"I am an atom in the unversed that has infinities possibilities of development. These possibilities I want, gradually to reveal" - Hilma af Klint
Primordial Chaos (at left) is an example of Hilma af Klint's mystical geometry: blue represents the female principle, yellow the male, and green the unity of both in one. The artist was a translator between realms. What we know of her thinking about her work does not conform to our notions of abstraction; she did not think the forms of the spirit were less material than the things of this world. The bonds that unite the above and the below of the world are reminiscent of the early years of the Earth, an inherent mystery in the geometry of forms that matter and energy take. Her use of space on the canvas puts me in mind of an early 16th century woodcut from Camille Falmmarion's book L'astronomie (1885).
Hilma af Klint (1862-1944) lived a long life, more than long enough to know that her erasure from the history of modern art was...Contrary to popular belief, af Klint did attempt to show her work several times and sometimes succeeded, as in London in 1928. She continued to believe that her time would come in the future, probably after she was gone, much like Gustav Mahler whose symphonies were greeted unsympathetically. "My time will come," he declared with absolute confidence.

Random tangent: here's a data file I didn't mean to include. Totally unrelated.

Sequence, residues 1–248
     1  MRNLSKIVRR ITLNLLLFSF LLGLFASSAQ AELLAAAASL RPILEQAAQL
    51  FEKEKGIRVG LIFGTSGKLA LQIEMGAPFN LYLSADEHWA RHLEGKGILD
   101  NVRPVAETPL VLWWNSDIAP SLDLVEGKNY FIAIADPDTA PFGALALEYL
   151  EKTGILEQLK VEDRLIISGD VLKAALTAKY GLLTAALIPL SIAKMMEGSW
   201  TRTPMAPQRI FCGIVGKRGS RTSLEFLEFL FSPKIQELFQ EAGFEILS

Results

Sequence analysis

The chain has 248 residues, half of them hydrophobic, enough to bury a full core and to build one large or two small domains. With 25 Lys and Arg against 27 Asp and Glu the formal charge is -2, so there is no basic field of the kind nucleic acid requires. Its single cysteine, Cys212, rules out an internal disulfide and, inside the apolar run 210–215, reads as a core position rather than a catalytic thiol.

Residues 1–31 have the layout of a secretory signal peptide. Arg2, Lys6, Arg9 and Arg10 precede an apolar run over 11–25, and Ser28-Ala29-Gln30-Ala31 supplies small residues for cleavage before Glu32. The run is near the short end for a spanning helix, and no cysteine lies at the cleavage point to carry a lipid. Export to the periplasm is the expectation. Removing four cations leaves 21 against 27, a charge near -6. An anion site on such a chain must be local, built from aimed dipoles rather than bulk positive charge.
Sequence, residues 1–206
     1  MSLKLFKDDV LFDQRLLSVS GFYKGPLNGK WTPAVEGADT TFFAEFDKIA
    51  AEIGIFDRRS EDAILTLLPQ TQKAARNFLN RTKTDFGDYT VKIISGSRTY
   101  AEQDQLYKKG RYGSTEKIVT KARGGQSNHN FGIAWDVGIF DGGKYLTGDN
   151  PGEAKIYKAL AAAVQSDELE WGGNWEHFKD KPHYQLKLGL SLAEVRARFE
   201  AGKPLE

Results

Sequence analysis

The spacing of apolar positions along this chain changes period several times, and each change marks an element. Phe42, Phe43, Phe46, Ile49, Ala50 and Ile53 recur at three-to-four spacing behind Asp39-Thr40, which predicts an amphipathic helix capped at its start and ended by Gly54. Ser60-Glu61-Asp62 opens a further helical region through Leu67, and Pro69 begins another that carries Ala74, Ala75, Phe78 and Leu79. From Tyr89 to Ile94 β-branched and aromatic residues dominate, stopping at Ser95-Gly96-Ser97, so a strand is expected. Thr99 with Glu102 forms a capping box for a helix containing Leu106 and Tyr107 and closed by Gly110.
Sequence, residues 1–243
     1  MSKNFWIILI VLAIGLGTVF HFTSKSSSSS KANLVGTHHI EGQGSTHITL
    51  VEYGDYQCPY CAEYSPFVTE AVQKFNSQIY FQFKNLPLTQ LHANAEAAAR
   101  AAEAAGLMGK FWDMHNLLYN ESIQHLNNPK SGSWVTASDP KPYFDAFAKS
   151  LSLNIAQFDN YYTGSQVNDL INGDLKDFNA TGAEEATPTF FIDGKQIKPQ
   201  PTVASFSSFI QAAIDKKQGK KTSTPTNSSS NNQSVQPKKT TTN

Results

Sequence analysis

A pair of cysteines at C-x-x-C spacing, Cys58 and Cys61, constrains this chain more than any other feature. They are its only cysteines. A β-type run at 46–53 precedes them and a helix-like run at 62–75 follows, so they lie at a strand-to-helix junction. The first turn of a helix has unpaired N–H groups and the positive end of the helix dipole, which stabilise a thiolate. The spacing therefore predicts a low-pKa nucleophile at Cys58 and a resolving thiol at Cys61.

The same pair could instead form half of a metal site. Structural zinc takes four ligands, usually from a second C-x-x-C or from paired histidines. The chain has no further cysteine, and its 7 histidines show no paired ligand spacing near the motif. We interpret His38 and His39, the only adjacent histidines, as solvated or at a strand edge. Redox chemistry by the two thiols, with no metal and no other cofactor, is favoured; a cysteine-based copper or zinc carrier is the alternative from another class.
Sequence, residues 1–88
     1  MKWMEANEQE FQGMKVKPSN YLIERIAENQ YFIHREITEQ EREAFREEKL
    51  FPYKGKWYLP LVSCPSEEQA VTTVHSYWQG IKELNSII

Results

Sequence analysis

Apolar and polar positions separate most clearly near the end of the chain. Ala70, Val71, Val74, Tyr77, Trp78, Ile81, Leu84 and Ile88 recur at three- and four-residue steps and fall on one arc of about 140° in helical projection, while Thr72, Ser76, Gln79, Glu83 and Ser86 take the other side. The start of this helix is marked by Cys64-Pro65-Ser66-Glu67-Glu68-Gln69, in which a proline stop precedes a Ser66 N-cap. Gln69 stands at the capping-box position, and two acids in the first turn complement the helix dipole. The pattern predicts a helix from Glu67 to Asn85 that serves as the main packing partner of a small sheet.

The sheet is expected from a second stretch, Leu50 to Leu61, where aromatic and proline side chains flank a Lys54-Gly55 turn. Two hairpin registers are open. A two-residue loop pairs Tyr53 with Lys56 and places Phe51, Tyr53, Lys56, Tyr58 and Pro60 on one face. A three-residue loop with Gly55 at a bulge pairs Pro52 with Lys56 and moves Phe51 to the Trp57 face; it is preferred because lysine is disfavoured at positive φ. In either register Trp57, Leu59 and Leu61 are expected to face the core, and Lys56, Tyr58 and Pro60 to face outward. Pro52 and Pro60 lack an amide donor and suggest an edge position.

At the age of twenty af Klint began studies at the Royal Academy of Stockholm, one of the first women to be admitted. There she became part of a spiritualist group of women known as "The Five" who met regularly for several years.
In her paintings, natural colors were replaced by colors used symbolically to embody her philosophical
interests, Christianity, Rosicrucianism, an Theosophy, the last being a bouillabaisse of Western occult beliefs and Hindu and Buddhist teachings.
It was one of her spiritual guides who gave af Klint the commission for ten large works in November of 1906, a suite of paintings that became the exhilarating starburst of abstract art. Think of the modest dimensions of works by her well-known contemporaries: Kandinsky, Klee, Albers. At ten and a half feet high, af Klint's works tower over the viewer, exuberant, expansive, and utterly compelling. Spheres, flowers inside circles, suggest the immanence of divine spirit. She was convinced, and when we stand in theie presence we, too, are convinced, that reality was not confined to the physical world.
She willed her works to her nephew who offered them to the Moderna Musset in Stockholm; the gift was declined.
Forty years after her death a selection of her paintings were included in the exhibition The Spiritual in Art: Abstract Painting 1890-1985 t the Los Angeles County Museum of Art.
1. Hilma af Klint Primordial Chaos No. 16, 1906-07, on canvas.
2. unidentified artist - woodcut, early 16th century, Bettman Archive.
3, Hilma af Klint - Numbers 117 & 118, 1916, colored pencil on paper